Who Should Buy Travel Medical Insurance?
So, who needs travel medical insurance, anyway? If you’re traveling within your home country, you should remain covered under your current health insurance plan. If you’re traveling internationally, however, the U.S. Department of State encourages you to check with your regular health insurance provider before you go abroad to learn whether certain (or any) medical expenses will be covered.
Even if your domestic policy will pay “customary and reasonable” hospital costs incurred abroad—and many will not—only a limited few will cover a necessary medical evacuation from an inadequate facility to a hospital better suited to care for you. And this cost, according to the Centers for Disease Control and Prevention (CDC), can exceed $100,000.
What kinds of travelers should purchase travel medical insurance?
While there are certainly travelers who may be best suited to another type of policy (see Who Shouldn’t Buy Travel Medical Insurance), here are some of the travel personas who should consider travel medical insurance:
Regardless of whether you’re traveling to a third-world country or an all-inclusive resort, you never know what kinds of challenges you’ll face as you travel abroad. A travel medical policy can provide coverage for everything from political evacuation to a sprained ankle on the beach.
Business travelers are typically frequent travelers, and the more often you travel, the more likely you may be to experience a travel mishap. A travel medical policy can provide supplemental travel benefits (Trip Interruption, Lost Checked Luggage, Travel Delay, etc.) in addition to medical benefits.
Missionaries often serve in underdeveloped countries where illness and infection may be more likely to occur. A travel medical policy can provide you with access to quality care and financial help if you become unexpectedly ill or injured.
Backpackers, Adventure Travelers, and Eco-Tourists
These types of travelers often find themselves exploring remote, isolated regions where medical facilities are few and far between. A Medical Evacuation benefit can provide peace-of-mind by providing coverage in emergency situations.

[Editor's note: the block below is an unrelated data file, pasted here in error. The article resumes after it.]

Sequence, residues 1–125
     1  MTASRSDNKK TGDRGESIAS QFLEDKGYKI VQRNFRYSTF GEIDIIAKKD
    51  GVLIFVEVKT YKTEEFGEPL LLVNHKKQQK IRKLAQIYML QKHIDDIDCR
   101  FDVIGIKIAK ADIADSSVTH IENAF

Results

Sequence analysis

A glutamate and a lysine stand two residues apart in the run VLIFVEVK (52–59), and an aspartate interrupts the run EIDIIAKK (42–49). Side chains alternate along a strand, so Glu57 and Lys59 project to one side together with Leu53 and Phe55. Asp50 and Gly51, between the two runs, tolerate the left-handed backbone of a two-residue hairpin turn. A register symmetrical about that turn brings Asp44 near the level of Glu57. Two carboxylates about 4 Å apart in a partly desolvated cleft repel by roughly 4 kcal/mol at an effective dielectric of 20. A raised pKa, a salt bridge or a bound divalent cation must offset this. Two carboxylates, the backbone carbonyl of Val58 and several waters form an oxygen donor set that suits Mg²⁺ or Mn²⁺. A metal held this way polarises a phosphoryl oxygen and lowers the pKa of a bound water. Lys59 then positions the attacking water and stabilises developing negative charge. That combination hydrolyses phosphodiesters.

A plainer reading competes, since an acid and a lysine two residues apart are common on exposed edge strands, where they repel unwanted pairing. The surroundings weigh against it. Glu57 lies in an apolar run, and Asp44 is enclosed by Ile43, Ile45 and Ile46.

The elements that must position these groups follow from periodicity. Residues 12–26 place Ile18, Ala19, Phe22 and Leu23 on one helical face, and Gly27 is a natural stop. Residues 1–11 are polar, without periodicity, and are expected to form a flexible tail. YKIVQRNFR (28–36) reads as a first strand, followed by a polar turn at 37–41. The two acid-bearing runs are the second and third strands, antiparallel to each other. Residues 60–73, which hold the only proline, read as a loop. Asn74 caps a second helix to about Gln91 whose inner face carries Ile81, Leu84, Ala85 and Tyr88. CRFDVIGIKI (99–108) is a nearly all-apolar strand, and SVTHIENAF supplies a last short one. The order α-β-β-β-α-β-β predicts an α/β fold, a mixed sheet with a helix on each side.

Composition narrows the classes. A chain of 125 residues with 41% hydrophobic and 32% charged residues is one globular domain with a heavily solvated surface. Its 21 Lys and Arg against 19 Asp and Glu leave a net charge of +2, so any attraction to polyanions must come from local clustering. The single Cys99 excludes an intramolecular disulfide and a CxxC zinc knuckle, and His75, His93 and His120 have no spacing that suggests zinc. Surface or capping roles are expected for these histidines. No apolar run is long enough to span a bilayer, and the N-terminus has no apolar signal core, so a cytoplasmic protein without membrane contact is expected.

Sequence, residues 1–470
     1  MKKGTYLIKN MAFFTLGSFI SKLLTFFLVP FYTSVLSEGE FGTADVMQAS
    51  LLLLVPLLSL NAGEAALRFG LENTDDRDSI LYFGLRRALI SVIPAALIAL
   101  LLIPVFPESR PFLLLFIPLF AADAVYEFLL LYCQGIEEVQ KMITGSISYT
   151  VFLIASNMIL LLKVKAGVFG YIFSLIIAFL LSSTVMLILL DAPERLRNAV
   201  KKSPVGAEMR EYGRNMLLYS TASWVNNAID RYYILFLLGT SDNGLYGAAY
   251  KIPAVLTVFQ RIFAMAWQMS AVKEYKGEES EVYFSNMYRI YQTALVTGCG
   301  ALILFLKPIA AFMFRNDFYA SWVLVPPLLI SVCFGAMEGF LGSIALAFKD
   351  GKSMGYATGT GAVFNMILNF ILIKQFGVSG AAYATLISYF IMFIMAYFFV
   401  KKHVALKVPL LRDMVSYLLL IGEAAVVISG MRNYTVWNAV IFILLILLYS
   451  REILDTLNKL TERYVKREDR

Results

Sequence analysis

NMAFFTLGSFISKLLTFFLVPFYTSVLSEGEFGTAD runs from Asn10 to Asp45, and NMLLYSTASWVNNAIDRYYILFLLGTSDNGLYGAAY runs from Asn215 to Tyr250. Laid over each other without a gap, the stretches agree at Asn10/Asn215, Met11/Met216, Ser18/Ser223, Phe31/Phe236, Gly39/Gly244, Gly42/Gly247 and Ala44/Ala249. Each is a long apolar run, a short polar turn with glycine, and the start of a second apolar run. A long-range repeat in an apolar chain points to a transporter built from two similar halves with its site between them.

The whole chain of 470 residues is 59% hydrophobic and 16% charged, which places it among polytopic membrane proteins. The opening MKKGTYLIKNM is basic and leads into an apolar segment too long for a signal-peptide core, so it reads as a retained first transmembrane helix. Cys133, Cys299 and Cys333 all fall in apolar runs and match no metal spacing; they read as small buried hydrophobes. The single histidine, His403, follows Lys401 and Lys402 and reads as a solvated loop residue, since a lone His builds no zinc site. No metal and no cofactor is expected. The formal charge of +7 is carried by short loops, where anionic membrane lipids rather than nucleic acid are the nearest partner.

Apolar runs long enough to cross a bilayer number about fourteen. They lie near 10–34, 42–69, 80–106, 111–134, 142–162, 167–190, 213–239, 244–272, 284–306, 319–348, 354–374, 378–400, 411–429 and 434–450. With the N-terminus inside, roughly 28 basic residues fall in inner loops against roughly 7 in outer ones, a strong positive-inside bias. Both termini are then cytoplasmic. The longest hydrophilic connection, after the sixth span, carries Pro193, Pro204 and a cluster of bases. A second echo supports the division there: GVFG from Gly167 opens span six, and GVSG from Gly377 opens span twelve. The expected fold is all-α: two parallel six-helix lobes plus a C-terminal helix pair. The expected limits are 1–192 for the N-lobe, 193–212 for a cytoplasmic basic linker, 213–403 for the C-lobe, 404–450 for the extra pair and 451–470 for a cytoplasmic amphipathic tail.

Whether or not international health insurance is a requirement for your study abroad trip, purchasing a travel medical policy is a solid idea for travel abroad—especially for those unfamiliar with their host country and its healthcare system. International student health insurance is designed specifically for study abroad students.
Before you purchase a travel medical insurance policy, ask yourself the following questions:
Am I traveling outside of my home country?
If the answer is yes, contact your current health insurance provider to inquire about your international benefits. If coverage does not apply outside of your home country, or if benefits are limited, you may need travel medical insurance.
Am I traveling to an isolated region?
If the answer is yes, consider Emergency Medical Evacuation coverage. In remote destinations, medical facilities are rare and equipment is often insufficient. Medical evacuation may be necessary to transport you to a facility better suited to properly care for you.
Does my destination/reason for travel require me to have travel medical coverage?
Some study abroad programs, for example, require students to purchase international health insurance for their time abroad. There are also some countries that require health insurance for entry. Be sure to thoroughly research your destination and/or program to make sure you’ve taken care of any and all requirements.
Is my destination under a travel advisory?
A travel advisory issued for your destination country can affect your travel medical coverage. Some benefits may be triggered by an advisory as long as certain criteria are met. On the other hand, if you choose to continue traveling a destination that’s currently under a travel advisory, certain benefits may become void; check your plan’s description of coverage for details.
To keep yourself safe, be sure to stay updated on travel warnings and alerts for your destination country. You can do this by visiting the U.S. Department of State’s "Alerts and Warnings" page and enrolling in the U.S. Smart Traveler Enrollment Program (STEP).
Will my credit card provide any coverage?
If it does, find out whether this coverage adequately meets your needs. Oftentimes, coverage provided by a credit card company is restricted to certain types of emergency situations—it likely does not include medical benefits.
Am I looking for coverage for pre-existing conditions, routine medical examinations, routine pregnancy care, or extreme sports?
Most travel medical policies explicitly exclude coverage for these types of medical expenses. Be sure to read the description of coverage for your policy before you purchase.
What are my biggest travel fears?
If you’re worried about things like terrorism, natural disasters, and kidnappings, find a travel medical policy with applicable safety benefits.
If your biggest fear is the airline losing your luggage, make sure your policy offers supplemental travel coverage, such as a “Lost Checked Luggage” benefit.
If you’re most concerned about injury and illness, make sure your plan offers adequate medical benefits and coverage limits. Make sure you know whether or not your policy provides coverage for pre-existing medical conditions, as these are often not covered, or offer limited coverage.